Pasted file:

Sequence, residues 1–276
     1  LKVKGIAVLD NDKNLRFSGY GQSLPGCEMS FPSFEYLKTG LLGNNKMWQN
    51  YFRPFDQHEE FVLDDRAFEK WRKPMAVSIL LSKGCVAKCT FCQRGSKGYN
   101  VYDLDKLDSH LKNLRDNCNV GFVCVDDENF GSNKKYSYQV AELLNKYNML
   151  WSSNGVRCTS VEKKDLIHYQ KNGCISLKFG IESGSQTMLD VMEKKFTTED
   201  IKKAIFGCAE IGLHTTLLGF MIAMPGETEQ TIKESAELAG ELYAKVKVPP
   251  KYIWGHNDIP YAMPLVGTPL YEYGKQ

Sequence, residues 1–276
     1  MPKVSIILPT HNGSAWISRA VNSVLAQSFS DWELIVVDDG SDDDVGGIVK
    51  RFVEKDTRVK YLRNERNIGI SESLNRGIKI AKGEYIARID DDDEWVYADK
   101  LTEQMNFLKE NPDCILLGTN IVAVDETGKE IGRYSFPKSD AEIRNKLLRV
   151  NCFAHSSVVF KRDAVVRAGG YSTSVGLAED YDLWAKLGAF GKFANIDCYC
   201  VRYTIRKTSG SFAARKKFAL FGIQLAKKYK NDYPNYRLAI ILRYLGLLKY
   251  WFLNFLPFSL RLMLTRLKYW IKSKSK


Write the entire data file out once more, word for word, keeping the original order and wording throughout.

Sequence, residues 1–276
     1  LKVKGIAVLD NDKNLRFSGY GQSLPGCEMS FPSFEYLKTG LLGNNKMWQN
    51  YFRPFDQHEE FVLDDRAFEK WRKPMAVSIL LSKGCVAKCT FCQRGSKGYN
   101  VYDLDKLDSH LKNLRDNCNV GFVCVDDENF GSNKKYSYQV AELLNKYNML
   151  WSSNGVRCTS VEKKDLIHYQ KNGCISLKFG IESGSQTMLD VMEKKFTTED
   201  IKKAIFGCAE IGLHTTLLGF MIAMPGETEQ TIKESAELAG ELYAKVKVPP
   251  KYIWGHNDIP YAMPLVGTPL YEYGKQ

Sequence, residues 1–276
     1  MPKVSIILPT HNGSAWISRA VNSVLAQSFS DWELIVVDDG SDDDVGGIVK
    51  RFVEKDTRVK YLRNERNIGI SESLNRGIKI AKGEYIARID DDDEWVYADK
   101  LTEQMNFLKE NPDCILLGTN IVAVDETGKE IGRYSFPKSD AEIRNKLLRV
   151  NCFAHSSVVF KRDAVVRAGG YSTSVGLAED YDLWAKLGAF GKFANIDCYC
   201  VRYTIRKTSG SFAARKKFAL FGIQLAKKYK NDYPNYRLAI ILRYLGLLKY
   251  WFLNFLPFSL RLMLTRLKYW IKSKSK